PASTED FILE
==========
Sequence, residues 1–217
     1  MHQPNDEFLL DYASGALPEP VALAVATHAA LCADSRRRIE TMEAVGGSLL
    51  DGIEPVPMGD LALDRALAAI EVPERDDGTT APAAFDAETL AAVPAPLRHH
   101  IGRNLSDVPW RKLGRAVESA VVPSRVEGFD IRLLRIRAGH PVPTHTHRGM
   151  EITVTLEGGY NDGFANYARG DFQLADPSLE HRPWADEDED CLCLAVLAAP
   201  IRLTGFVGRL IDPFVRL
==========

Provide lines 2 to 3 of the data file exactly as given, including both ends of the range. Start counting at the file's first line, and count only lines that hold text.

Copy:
     1  MHQPNDEFLL DYASGALPEP VALAVATHAA LCADSRRRIE TMEAVGGSLL
    51  DGIEPVPMGD LALDRALAAI EVPERDDGTT APAAFDAETL AAVPAPLRHH